Neopagan Rites: A Guide to Creating Public Rituals that Workby Isaac Bonewits
Llewellyn Worldwide, 0738711993, 264 pp. 2007
One of the things I have always admired about Isaac Bonewits is his ability to make complex subjects comprehensible to the average person without “dumbing down” the topics. He takes the time to explain his terminology before beginning and then proceeds to explain his position and/or beliefs in 3easy to understand, logical steps. This is not to say that his ideas are simplistic; they most certainly are not; nor are they necessarily non-controversial, in fact they are almost always thought provoking, if not debate inspiring.
I will confess, here and now, that I haven’t read a lot of Isaac’s literary output (only Real Magic: An Introductory Treatise on the Basic Principles of Yellow Magic and The Pagan Man: Priests, Warriors, Hunters, and Drummers), but I have followed many of the debates his work has inspired, as well as being familiar with some of his work on the subject of Druidic research. I also had the pleasure of meeting him and attending a ritual he created many years ago at a Pagan gathering in the Midwest. I haven’t always agreed with him, but I have learned from him.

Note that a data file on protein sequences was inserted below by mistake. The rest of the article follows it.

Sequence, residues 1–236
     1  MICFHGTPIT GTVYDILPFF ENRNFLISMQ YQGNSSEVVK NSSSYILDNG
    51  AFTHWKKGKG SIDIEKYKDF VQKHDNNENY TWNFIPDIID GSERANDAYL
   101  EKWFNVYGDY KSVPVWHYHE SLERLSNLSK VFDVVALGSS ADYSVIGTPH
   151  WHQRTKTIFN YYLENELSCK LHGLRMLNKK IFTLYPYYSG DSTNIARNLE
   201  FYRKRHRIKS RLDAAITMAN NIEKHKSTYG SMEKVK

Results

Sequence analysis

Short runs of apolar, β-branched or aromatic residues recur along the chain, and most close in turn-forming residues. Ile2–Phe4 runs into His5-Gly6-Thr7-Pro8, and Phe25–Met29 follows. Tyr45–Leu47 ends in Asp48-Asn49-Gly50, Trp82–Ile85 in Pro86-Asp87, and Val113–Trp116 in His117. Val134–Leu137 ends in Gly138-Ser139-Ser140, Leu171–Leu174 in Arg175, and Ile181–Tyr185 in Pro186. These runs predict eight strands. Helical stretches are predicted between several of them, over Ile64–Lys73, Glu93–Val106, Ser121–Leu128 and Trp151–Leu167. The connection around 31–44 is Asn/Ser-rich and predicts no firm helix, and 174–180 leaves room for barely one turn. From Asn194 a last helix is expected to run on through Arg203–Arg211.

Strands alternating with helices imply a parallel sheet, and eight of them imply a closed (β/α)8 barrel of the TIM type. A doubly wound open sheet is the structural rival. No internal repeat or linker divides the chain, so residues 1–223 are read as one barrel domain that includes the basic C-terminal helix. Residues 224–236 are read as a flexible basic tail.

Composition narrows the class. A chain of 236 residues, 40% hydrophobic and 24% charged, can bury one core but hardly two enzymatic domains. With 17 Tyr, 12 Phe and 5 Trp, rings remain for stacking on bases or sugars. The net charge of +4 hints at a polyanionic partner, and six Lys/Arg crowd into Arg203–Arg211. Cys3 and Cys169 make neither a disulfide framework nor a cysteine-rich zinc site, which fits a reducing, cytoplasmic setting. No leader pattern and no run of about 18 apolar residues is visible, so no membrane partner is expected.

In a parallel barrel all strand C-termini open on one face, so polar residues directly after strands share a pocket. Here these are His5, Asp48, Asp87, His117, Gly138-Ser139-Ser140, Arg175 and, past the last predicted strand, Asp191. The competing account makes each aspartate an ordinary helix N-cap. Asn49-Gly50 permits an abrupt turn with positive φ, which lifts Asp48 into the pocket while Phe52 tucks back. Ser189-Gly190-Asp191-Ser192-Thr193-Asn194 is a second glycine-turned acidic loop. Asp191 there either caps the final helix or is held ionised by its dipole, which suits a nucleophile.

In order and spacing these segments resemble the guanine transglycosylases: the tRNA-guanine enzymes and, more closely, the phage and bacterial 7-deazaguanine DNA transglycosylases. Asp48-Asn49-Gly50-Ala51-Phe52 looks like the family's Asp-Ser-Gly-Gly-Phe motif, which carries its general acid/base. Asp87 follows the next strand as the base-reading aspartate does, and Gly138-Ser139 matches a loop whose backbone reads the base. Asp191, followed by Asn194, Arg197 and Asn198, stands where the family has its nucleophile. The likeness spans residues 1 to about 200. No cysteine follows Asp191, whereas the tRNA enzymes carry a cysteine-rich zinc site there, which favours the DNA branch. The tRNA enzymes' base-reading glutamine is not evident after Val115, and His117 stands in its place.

Isaac is sure to offend some readers by his no-nonsense approach to magic (i.e., “I suggest not doing magic or bothering deities with requests until after you’ve tried all other ethical means to solve your problem.” Given his many years of experience in the magical field I can only suggest that, should you be relatively new to the work, give him the benefit of the doubt.
If you are leading a group, or if you plant to lead a group, or if you are involved in a group, or even if you are a solitary practitioner who is interested in effective rituals, you need to add this book to your library. More importantly, you need to read this book and to work with the concepts contained within it. Far too many individuals pay far too little attention to the “nuts and bolts” of good ritual. Don’t be among that number. You owe it to yourself to benefit from the ideas contained within the covers of this book.
So what if you don’t agree with everything Isaac says? You can still benefit from what he provides.
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Mike Gleason (1951-2012) dedicated his time to sharing his knowledge and opinions with others, and spent years reviewing books for the Pagan, Wiccan, Witch and magickal communities.
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